Well, obviously with this being an aquarium you get to see a lot of fish in tanks swimming around. Most aquariums try their hardest to replicate the natural environment that the fish would originally have swum around in. However, where is the fun in that when you can fill the tank with a plethora of assorted odds and ends? They have tanks in which toy trucks and sunken boats are artfully placed for their aquatic occupants to interact with. You can find themed tanks where underwater parties in miniature are laid out with shy toy guests for the real fish to flit between. One tank has a pretty eye-catching Chinese Temple, flanked by coral and illuminated from behind for the fishy visitors to dart around. One of the eel tanks has wiggly houses in it (that would not be out of place in a Tim Burton movie) for the wriggly eels to squeeze in and out of. You can find garden pots in other tanks and one even has a full diorama of a school, at sunset, surrounded by plants and a stone wall for the oblivious fish to traipse around. All in all it’s just on the good side of weird.
The weirdness does not stop with the unusualness of the things decorating the inside of the fish tanks. They have feeding times at 1 PM, 3 PM and again at 5 PM where, obviously, they do actually feed the fish, but the process has been turned into mini-performances. You can get to see fish go up to a fake microphone and sing for their supper, fake fish are fed alongside real fish and the onlookers get to say who is real and who isn’t and so forth. Like I said, it is kind of quirky.
They actually have a good selection of species. They boast at having over 300 types of sea animals and over 5000 individual specimens. You can see turtles, octopuses, starfish, eels, exotic fish, tropical fish, jellyfish, crabs, lobsters, plankton and more common varieties of fish. One thing that they make a big deal of, and was really cool to see, were the giant white isopods (or pill bugs as they are also known as) that they have by the bucket load. If you are not familiar with these, they look like giant albino woodlice that crawl over the deep, cold sea beds of the Atlantic, Pacific and Indian oceans. They look like something from Earth’s distant past or even an alien species. These are one of a small selection of sea life that you can pet. They also have large starfish, friendly turtles and tiny crabs that you can directly interact with.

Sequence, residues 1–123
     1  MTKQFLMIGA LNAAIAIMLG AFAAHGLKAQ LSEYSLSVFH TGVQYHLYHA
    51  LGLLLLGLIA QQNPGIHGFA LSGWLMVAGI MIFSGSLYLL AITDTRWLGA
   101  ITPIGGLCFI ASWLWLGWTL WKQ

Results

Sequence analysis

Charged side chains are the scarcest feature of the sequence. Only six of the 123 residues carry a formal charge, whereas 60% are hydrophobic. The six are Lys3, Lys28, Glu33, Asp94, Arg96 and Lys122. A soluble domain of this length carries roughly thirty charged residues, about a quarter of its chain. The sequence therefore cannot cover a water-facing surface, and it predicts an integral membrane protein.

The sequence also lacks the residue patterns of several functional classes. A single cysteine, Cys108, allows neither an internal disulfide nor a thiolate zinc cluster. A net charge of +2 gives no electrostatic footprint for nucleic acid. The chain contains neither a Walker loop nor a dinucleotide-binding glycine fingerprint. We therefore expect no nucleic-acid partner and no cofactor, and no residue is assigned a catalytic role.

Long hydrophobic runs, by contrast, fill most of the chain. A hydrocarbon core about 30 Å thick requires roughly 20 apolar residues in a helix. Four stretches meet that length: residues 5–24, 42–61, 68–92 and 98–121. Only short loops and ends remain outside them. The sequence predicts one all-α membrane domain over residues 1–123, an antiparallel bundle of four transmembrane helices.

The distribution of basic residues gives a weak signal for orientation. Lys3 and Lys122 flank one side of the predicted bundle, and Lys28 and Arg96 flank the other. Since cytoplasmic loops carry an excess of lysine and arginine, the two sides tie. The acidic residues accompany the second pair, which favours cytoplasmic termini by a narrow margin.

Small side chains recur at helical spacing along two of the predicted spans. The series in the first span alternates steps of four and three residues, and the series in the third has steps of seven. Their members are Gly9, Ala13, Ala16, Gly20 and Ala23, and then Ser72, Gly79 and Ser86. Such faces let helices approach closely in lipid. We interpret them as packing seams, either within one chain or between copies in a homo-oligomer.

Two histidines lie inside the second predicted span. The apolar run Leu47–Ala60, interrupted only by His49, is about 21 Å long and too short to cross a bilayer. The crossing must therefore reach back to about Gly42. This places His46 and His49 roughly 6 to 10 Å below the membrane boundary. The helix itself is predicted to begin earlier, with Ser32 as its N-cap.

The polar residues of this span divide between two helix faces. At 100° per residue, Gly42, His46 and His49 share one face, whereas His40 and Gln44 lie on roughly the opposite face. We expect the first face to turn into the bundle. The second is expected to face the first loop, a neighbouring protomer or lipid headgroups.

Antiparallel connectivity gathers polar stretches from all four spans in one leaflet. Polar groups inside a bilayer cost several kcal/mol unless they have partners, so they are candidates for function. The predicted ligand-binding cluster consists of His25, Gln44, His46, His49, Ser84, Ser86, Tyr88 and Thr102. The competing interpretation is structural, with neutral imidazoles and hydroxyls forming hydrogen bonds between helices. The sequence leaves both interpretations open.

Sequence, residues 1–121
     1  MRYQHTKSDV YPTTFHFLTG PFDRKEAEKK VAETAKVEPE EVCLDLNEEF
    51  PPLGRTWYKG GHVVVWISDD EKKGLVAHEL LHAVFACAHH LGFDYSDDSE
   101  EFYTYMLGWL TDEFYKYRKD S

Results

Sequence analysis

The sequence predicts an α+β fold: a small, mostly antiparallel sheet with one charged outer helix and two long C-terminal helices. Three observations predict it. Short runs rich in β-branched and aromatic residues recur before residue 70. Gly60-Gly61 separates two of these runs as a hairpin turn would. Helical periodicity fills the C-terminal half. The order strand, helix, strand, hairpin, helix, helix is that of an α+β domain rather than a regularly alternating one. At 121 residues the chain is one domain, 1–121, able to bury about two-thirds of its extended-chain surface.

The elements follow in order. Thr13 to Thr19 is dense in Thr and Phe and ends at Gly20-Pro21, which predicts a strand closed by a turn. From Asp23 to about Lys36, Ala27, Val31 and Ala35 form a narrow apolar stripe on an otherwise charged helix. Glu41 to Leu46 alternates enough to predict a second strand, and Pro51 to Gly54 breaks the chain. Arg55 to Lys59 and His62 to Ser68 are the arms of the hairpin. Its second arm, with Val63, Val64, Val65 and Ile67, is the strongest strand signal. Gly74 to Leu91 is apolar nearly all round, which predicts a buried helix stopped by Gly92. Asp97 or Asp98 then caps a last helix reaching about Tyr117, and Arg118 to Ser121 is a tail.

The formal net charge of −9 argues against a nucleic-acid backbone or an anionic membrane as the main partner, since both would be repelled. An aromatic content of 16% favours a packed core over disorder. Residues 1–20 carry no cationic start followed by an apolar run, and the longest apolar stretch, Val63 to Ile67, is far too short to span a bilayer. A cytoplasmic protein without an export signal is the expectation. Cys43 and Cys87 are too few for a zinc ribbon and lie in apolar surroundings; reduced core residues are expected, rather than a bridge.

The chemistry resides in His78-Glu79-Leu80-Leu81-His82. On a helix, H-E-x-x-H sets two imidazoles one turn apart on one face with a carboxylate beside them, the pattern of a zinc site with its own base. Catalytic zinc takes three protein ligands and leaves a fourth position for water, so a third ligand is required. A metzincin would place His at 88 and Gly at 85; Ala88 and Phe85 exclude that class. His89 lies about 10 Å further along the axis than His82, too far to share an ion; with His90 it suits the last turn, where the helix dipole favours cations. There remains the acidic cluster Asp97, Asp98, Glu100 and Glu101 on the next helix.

I now want to turn our attention to the general layout of the aquarium before turning our attention to the baby zone that is the last part of this article. There is the main winding corridor that leads you past most of the exhibits that we have thus far talked about. There are a couple of side corridors for plankton and jellyfish (the latter of which has some good specimens) so be sure not to miss these out. Following this leads you to the obligatory gift shop and a small food and refreshment sitting area. The gift shop has the usual toys and mementos but a great deal of space is given over to isopod themed souvenirs from build-it-yourself robot versions to giant cuddly toys. They even have isopod flavoured crackers if you dare brave them. The exhibits do not actually end here, as off to the right of the shop is the baby zone or akachan zone in Japanese.
The akachan zone is on a raised floor and you need to take your shoes off before entering this area. The toilets are also located here. This area is specifically geared towards babies and toddlers and there are climbing frames into which fish tanks have been set, a slide with a built-in fish tank full of fish that can gawp at you as you play and numerous little ladders that lead to tiny tanks. This area is not only for little ones but it is also populated by little ones. You get to see fish eggs, baby fish and young turtles. If you are a parent this is a great way to finish your visit as you have a rest and let your little angel(s) roam and play in safety and really get to do some hands on learning through play. They do play a sea shanty ad infinitum here as background music so if this is something that may irritate you it may be worth bringing some headphones but it suits the area.
Overall, if happens to be in Yokohama and especially if you have young children, I would say that you can do a lot worse than giving this little gem a try. It’s so kitsch it’s good!